Men’s Health: Mental Health & Wellbeing
The myth of ‘manning-up’
Although the tides are changing, certain expectations about gender prevail. And thanks to centuries of societal conditioning, the fact remains that displaying strength, bravery and stoicism is still associated with masculinity. This ancient stereotyping has led to the ‘toxic masculinity’ that we now discuss in common parlance. But the bottom line is that everyone needs good mental fitness; men are no exception.
If you’re struggling with your emotional health, know that you’re not alone and there are plenty of ways to get help.
Human connection is a powerful elixir for emotional health. All humans want to be seen, heard and held. Don’t be afraid to ask for help. Seeking support doesn’t make you ‘weak’; it actually requires strength and courage. Find trustworthy allies you can talk frankly and candidly to about your mental health. This tribe will listen to and support you. If you can’t speak to friends, reach out to a GP or therapist.
Once you’ve found your tribe, make a conscious effort to share regularly.
If you keep everything bottled up, your mental load can become heavier and heavier. Sharing often is like cleaning the cogs of your mind. When someone asks, ‘how are you?’ don’t just respond with ‘fine’, as so many of us do. Take the opportunity to give a genuine answer.
Beyond opening up to allies, equip yourself with more tools to support your mental health and lead a life that serves you. Read self-help books; find communities online; research the best self-care techniques. Be more resourceful.
Application and integration
Time to take action. Implement what you’ve learned from speaking to your tribe and conducting your own research. Set yourself goals and hold yourself accountable. Remember, discomfort always precedes growth.
Be sure to balance difficult work with pleasure. Rest, relaxation, and restoration are just as crucial as pushing yourself out of your comfort zone.
For destination ‘calm’, you may consider adding the following to your diet.
Colloquially known as ‘nature’s tranquiliser’, magnesium contributes to normal psychological function.
Eat it: leafy green vegetables
Valerian root extract is a traditional herbal remedy used for the temporary relief of sleep disturbances and mild anxiety.
St John’s Wort
St John’s wort is a traditional herbal remedy used for the relief of low mood and mild anxiety.
Often referred to as ‘Indian Ginseng’, ashwagandha is thought to possess similar adaptogenic properties as other ginseng herbs. This root is the perfect partner to magnesium and L-theanine.
There’s nothing a ‘clever’ cup of tea can’t fix. Some experts have attributed the naturally occurring amino acid L-theanine, to the restorative success of the nation’s favourite brew.
Rhodiola Rosea has been used for its herbal properties for centuries. It’s an excellent partner to magnesium and L-theanine.
Care for your cognition
Nut, noggin, noodle – whatever you call your brain, this powerhouse is the reason we’re such a successful species. Unfortunately, there’s no magic bullet to prevent cognitive decline – like wrinkles, it happens. That said, your lifestyle habits do matter. Tweaking or adding certain rituals to your regime will help to keep your grey matter limber and sharp as you age.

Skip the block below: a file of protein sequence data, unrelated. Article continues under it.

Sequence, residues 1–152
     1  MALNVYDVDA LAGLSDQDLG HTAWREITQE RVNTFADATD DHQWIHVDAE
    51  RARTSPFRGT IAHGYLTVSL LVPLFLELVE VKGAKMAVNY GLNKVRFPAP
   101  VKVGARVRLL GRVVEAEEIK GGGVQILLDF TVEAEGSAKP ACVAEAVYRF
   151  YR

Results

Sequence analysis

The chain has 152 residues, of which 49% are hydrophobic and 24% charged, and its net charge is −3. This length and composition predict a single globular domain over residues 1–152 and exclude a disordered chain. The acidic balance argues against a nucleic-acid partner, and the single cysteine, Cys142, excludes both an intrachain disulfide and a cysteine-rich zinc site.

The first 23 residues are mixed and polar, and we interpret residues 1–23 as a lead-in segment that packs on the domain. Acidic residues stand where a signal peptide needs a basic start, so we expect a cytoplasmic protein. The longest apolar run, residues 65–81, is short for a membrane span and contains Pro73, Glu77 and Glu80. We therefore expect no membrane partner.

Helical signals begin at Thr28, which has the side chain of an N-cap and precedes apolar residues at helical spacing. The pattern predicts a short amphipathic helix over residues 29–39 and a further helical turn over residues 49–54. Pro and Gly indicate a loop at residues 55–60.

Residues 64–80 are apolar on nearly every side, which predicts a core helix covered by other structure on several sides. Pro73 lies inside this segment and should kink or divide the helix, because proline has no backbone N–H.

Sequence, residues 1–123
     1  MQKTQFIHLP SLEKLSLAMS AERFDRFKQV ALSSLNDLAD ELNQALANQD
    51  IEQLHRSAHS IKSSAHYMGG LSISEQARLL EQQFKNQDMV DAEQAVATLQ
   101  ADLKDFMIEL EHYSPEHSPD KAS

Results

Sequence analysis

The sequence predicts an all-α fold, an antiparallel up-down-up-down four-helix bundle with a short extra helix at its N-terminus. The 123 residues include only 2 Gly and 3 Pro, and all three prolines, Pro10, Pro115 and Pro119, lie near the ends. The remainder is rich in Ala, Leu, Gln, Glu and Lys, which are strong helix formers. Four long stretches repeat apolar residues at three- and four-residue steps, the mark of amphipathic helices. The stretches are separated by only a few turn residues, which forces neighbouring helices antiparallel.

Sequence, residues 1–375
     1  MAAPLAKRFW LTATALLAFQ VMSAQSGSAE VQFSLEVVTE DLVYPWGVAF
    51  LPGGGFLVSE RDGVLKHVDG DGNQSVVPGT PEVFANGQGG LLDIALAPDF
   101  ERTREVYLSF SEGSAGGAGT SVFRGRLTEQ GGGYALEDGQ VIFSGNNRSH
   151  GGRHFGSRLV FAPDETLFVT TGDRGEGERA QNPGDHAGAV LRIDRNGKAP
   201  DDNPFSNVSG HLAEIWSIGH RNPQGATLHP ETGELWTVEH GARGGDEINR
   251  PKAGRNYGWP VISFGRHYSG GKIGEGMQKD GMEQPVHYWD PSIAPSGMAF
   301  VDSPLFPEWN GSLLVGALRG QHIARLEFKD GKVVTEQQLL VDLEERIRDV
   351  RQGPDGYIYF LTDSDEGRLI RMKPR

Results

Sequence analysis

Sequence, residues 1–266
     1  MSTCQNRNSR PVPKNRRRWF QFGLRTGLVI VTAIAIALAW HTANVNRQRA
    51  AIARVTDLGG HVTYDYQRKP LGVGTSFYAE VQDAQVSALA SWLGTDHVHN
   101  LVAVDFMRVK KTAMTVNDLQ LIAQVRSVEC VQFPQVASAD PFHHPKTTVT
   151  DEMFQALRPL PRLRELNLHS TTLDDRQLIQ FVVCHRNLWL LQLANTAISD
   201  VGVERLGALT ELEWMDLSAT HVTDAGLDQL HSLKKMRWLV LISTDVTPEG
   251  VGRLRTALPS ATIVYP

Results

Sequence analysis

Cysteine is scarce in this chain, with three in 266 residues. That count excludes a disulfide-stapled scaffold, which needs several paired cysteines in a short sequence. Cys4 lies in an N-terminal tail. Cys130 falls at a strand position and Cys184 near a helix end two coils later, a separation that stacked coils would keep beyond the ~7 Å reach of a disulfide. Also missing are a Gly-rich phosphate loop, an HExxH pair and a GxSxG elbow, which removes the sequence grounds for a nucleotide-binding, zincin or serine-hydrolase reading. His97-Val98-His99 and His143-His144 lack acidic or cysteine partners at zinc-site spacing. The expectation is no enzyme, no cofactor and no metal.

Did you know?
One of the most revered Harvard studies that followed participants for 80 years found those with stronger social connections were the happiest and healthiest. (18)
A moment of mindfulness
As with your emotional health, mindfulness meditation may also keep your brain in fine fettle. A systematic review reported that mindfulness meditation might protect against some aspects of cognitive decline, most likely due to its impact on memory, processing, attention and executive functioning. (15) Mindfulness meditation doesn’t have to be complicated. You don’t need to sit crossed legged or chant ‘Om’. Downloading a meditation app is an easy way to kick-start your journey to better health.
As a social species, social connection is vital for our wellbeing. Loneliness – which is, unfortunately, on the rise – can send us spiralling into poor psychological and physiological health. Research suggests there’s a reciprocal relationship between social isolation and low mood.(16) And studies even purport that loneliness may lead to issues with cognitive function, executive function and attention.(17) Make a conscious effort to prioritise social connection throughout your life: befriend a neighbour; join a new group; volunteer; strike up a conversation with a stranger.
- Malinowski, P., Moore, A.W., Mead, B.R. et al. (2017) Mindful Aging: The Effects of Regular Brief Mindfulness Practice on Electrophysiological Markers of Cognitive and Affective Processing in Older Adults. Mindfulness 8, 78–94.
- Cacioppo JT, Hughes ME, Waite LJ, Hawkley LC, Thisted RA. (2006) Loneliness as a specific risk factor for depressive symptoms: cross-sectional and longitudinal analyses. Psychol Aging. 21(1): 140-51.
- Angelina R Sutin, PhD, Yannick Stephan, PhD, Martina Luchetti, PhD, Antonio Terracciano, PhD., (2020) Loneliness and Risk of Dementia, The Journals of Gerontology: Series B, 75 (7): 1414–142.
- Harvard Gazette. 2020. Over Nearly 80 Years, Harvard Study Has Been Showing How To Live A Healthy And Happy Life. [ONLINE] Available at: https://news.harvard.edu/gazette/story/2017/04/over-nearly-80-years-harvard-study-has-been-showing-how-to-live-a-healthy-and-happy-life/